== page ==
The success of Zorba the Greek in 1964 resulted in another Oscar nomination for Best Actor. Other films included The 25th Hour, The Magus, La Bataille de San Sebastian and The Shoes of the Fisherman.[12] In 1969, he starred in The Secret of Santa Vittoria with Anna Magnani; each was nominated for a Golden Globe Award.[13]

He appeared on Broadway to great acclaim in Becket, as King Henry II to Laurence Olivier's Thomas Becket in 1960. An erroneous story arose in later years that during the run Quinn and Olivier switched roles and Quinn played Becket to Olivier's King. In fact, Quinn left the production for a film, never having played Becket, and director Peter Glenville suggested a road tour with Olivier as Henry. Olivier happily agreed and Arthur Kennedy took on the role of Becket for the tour and brief return to Broadway.[14][15]

Quinn (1970s)

In 1971, after the success of a TV movie named The City, where Quinn played Mayor Thomas Jefferson Alcala, he starred in the television series, The Man and the City. Quinn's subsequent television appearances were sporadic, including Jesus of Nazareth.[16]

In 1976, he starred in the movie Mohammad, Messenger of God (also known as The Message), about the origin of Islam, as Hamza, a highly respected uncle of Mohammad the last of the prophets of Islam.[17] In 1981, he starred in the Lion of the Desert. Quinn played real-life Bedouin leader Omar Mukhtar who fought Benito Mussolini's Italian troops in the deserts of Libya.[18]

In 1983, he reprised his role as Zorba the Greek for 362 performances in a successful musical version, called Zorba, opposite fellow film co-star Lila Kedrova, reprising her role as Madame Hortense. Quinn performed in the musical both on Broadway and at the Kennedy Center in Washington, D.C.[19]

Quinn's film career slowed during the 1990s, but he nonetheless continued to work steadily, appearing in Revenge (1990), Jungle Fever (1991), Last Action Hero (1993), A Walk in the Clouds (1995) and Seven Servants (1996).[20]

In 1994 Quinn played the role of Zeus in five television movies focusing on the legendary journeys of Hercules. These were, in order, Hercules and the Amazon Women, Hercules and the Lost Kingdom, Hercules and the Circle of Fire, Hercules in the Underworld, and Hercules in the Maze of the Minotaur [21]


Quinn made an appearance at the John Gotti trial, according to John H. Davis, author of Mafia Dynasty: The Rise and Fall of the Gambino Crime Family. He told reporters he wanted to play Paul Castellano, the boss of the Gambino family after Carlo Gambino. Gotti had Castellano murdered, becoming the boss of the Gambino family thereafter. Gotti was on trial concerning a variety of felony charges when Quinn visited the courtroom. Although he tried to shake hands with Gotti, federal marshals prevented him from doing so, Davis says. The actor interpreted the testimony of Sammy ("The Bull") Gravano, Gotti's underboss, against Gotti as "a friend who betrays a friend." He hadn't come to "judge" Gotti, Quinn insisted, but only because he wanted to portray Castellano, who inspired the actor because he had had a "thirty-year-old" mistress, which Quinn believed was "a beautiful thing". He would later portray Gambino family underboss Aniello Dellacroce in the 1996 HBO film Gotti. Quinn was nominated for a Golden Globe for his performance as Dellacroce.[citation needed]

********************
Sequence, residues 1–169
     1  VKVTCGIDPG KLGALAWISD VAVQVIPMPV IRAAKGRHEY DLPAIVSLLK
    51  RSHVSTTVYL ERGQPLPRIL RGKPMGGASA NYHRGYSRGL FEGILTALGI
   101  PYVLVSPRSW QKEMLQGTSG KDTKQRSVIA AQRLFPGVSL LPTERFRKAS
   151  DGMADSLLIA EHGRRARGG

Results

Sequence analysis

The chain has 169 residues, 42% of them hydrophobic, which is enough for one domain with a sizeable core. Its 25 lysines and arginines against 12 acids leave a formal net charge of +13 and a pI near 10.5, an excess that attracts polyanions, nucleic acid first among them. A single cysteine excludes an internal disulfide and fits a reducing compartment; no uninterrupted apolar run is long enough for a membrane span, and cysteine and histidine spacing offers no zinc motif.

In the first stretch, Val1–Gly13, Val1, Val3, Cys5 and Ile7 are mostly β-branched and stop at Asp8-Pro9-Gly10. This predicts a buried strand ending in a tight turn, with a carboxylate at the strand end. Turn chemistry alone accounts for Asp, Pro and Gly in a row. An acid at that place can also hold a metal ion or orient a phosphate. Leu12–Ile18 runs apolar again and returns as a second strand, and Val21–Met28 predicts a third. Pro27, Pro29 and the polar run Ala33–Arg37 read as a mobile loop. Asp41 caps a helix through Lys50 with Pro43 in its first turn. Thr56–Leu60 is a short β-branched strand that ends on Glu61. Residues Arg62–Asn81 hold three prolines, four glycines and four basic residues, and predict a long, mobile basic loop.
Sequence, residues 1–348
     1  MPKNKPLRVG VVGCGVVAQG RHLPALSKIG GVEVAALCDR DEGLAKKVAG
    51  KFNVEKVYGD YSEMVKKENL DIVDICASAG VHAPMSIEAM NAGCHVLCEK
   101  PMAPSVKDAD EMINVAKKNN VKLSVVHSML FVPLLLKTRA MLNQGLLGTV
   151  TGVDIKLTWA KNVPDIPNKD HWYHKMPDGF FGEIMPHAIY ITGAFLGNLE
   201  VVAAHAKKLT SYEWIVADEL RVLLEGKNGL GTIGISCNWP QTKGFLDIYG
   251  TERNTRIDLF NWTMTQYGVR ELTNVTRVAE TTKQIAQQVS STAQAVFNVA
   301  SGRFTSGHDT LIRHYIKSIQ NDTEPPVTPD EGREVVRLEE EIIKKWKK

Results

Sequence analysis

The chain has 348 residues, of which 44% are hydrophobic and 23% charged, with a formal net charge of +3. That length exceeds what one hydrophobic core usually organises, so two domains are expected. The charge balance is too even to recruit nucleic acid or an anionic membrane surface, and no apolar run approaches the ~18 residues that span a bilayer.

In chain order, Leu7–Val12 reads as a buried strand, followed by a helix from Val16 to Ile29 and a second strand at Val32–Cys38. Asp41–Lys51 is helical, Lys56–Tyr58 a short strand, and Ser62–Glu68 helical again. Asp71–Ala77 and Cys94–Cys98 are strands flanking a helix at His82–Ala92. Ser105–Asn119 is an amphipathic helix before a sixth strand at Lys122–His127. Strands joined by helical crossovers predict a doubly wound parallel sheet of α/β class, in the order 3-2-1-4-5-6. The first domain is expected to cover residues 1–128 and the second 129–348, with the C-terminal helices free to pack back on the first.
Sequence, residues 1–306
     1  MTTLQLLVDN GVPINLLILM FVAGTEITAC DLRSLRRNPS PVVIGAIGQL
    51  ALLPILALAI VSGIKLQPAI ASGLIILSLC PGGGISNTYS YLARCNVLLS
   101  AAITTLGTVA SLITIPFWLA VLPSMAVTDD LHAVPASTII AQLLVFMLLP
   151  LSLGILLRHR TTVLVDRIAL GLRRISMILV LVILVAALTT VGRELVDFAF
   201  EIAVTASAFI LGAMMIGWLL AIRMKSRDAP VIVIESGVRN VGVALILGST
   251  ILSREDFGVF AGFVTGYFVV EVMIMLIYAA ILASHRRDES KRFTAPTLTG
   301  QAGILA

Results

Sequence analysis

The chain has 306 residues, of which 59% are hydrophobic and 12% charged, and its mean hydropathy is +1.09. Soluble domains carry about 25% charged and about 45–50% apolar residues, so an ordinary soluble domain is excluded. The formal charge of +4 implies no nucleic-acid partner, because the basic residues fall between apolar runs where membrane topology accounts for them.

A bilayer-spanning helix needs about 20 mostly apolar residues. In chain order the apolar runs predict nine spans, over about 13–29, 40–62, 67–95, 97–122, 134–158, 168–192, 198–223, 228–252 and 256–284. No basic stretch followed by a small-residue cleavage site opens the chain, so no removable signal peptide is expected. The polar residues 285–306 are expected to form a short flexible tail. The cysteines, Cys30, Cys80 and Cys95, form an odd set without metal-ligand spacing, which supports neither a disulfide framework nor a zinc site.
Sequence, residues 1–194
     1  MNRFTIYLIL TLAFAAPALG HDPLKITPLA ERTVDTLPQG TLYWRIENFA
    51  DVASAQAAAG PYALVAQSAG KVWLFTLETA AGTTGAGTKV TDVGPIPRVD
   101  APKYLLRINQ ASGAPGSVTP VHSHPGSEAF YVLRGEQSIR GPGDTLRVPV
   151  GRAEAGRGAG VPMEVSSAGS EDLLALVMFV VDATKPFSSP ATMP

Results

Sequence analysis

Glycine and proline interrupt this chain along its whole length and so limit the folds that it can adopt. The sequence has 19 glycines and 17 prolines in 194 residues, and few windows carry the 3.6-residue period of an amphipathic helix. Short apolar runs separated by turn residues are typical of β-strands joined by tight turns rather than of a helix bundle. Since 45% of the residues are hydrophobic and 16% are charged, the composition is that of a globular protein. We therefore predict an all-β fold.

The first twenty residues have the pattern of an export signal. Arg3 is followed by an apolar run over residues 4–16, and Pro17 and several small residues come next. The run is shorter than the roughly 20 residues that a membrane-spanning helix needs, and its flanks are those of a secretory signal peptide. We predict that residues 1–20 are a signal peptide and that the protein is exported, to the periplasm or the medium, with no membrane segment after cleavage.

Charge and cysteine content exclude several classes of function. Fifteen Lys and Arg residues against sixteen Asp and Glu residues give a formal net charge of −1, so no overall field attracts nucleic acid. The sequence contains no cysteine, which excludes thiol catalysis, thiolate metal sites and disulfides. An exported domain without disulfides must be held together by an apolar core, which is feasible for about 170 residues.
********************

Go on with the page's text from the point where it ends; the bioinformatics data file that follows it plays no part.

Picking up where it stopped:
Quinn had a personal relationship with New York Mafia Crime Boss Frank Costello and other Genovese gangsters.[22][23]

Painting and writing[edit]

Art critic Donald Kuspit, explains, "examining Quinn's many expressions of creativity together—his art and acting—we can see that he was a creative genius..."[24]

Early in life Quinn had an interest in painting and drawing. Throughout his teenage years he won various art competitions in California and focused his studies at Polytechnic High School in Los Angeles on drafting. Later, Quinn studied briefly under Frank Lloyd Wright through the Taliesin Fellowship — an opportunity created by winning first prize in an architectural design contest. Through Wright's recommendation, Quinn took acting lessons as a form of post-operative speech therapy, which led to an acting career that spanned over six decades.[citation needed]

Apart from art classes taken in Chicago during the 1950s, Quinn never attended art school; nonetheless, taking advantage of books, museums, and amassing a sizable collection, he managed to give himself an effective education in the language of modern art. By the early 1980s, his work had caught the eyes of various gallery owners and was exhibited internationally, in New York, Los Angeles, Paris, and Mexico City. His work is now represented in both public and private collections throughout the world.[citation needed]

He wrote two memoirs, The Original Sin (1972) and One Man Tango (1997), a number of scripts, and a series of unpublished stories currently in the collection of his archive.

Personal life[edit]

Quinn at the 40th Annual Emmy Awards, August 28, 1988

Quinn's personal life was as volatile and passionate as the characters he played in films. His first wife was the adopted daughter of Cecil B. DeMille, the actress Katherine DeMille, who wed in 1937. The couple had five children: Christopher (1939-1941), Christina (born December 1, 1941), Catalina (born November 21, 1942), Duncan (born August 4, 1945), and Valentina (born December 26, 1952).[25] Their first child, Christopher, aged two, drowned in the lily pond of next-door neighbor W.C. Fields.[25]